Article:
I’ve been thinking about something else Alice Waters mentioned when she was in town recently advocating for a healthier food system. Having been brought in to revamp Yale’s student cafeteria, one of the first things she did was reduce the number of commercial cereals that were being offered. Her reasoning was that all these cereals contained the same basic ingredients so she trimmed the offerings.
There’s too many choices as far as what we eat. Let’s just take breakfast for example in my house. Do you want cereal? granola? yogurt? granola over yogurt? oatmeal? how about toast? with butter? butter and cinnamon sugar? strawberry jam? grape? how about peanut butter? No? Then we have Nutella or honey. I could make you an egg — scrambled? hard-boiled? fried? Maybe some fruit — fresh or dried? nuts? pancakes? with bacon or…hmm, that’s funny, we seem to be all out of sausage.
Does any of this sound familiar to you?
When considering a simple, delicious and satisfying meal, one that could, in terms of nutritional value, replace most of the above (fresh fruit stays on the menu), granola comes to mind. (Note: I am not a nutritionist, but given the chance, I would totally play one on TV.) Surprisingly, I came to realize for the first time while writing this post, that my first memory of granola doesn’t occur until my adult life.
Newly married, my husband and I were moving into our first home. It was a crisp, blue-sky day in November when all one needed was a perfectly worn-in sweatshirt. We were sitting on our new front steps, taking a break from carrying boxes, when a neighbor walks up our driveway holding a bag of granola. “Welcome to the neighborhood,” he says, bright as that sun. “Want some granola?”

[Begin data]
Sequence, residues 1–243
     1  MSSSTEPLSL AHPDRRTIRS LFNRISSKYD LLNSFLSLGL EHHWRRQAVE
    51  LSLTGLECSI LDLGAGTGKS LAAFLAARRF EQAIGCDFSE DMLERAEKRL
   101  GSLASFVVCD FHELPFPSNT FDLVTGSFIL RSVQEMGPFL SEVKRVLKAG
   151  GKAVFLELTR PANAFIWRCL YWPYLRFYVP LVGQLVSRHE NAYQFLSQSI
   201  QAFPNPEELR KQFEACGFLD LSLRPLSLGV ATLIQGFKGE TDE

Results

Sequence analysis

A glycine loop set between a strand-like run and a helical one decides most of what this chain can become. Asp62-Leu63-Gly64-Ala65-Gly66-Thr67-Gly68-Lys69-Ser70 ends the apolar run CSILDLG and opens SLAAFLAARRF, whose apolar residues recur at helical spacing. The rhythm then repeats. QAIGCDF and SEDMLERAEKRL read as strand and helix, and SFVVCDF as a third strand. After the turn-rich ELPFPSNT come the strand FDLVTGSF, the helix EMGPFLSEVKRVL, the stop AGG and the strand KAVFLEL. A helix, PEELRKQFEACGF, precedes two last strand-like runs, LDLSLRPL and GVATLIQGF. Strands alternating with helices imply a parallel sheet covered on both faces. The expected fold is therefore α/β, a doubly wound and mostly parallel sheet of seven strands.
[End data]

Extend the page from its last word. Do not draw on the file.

Thirteen years, three kids, two deceased pet fish — RIP, Winky and Stinky, and 1,000 miles away from that first home later, a friend, in the spirit of true Midwestern generosity, brings me a gift of her homemade granola sweetened with honey from bees raised by another neighbor of ours.
And all I can gather about granola is that it’s a perfect offering of welcome, friendship and celebration. It’s also very simple and quick to make.
Maple Granola (adapted from Willy Street Co-op, my neighborhood’s local market)
Before we begin, granola has five basic parts: fat (here it’s coconut oil), sticky stuff with sweetener and flavorings, oats, nuts and seeds, and finally, dried fruit.
1/3 cup coconut oil
1/3 cup real maple syrup
1/2 teaspoon vanilla extract
1/2 teaspoon ground cinnamon
5 cups of old-fashioned oats (not instant or quick-cooking)
1 cup of almonds (or use whatever nut you like)
1 cup of sunflower seeds (I used pumpkin seeds because that’s what I had on hand)
1 cup shredded coconut
2 cups raisins (again, use any dried fruit you like)
Preheat oven to 300 degrees fahrenheit. Combine all ingredients (except dried fruit) in a large bowl. If coconut oil is solidified (as was mine), warm on a stove top with maple syrup, vanilla and cinnamon (you should know, this will smell a-mazing).
Spread mixture out on two parchment-lined rimmed cookie sheets (we’re going for easy clean-up here). Bake for 20 minutes, stirring midway through (I forgot to stir mine and it came out just fine).
Remove from the oven and cool on the pans completely. Add dried fruit and store in a covered container in the fridge.
Makes approximately nine cups –plenty to share! Alice would be proud.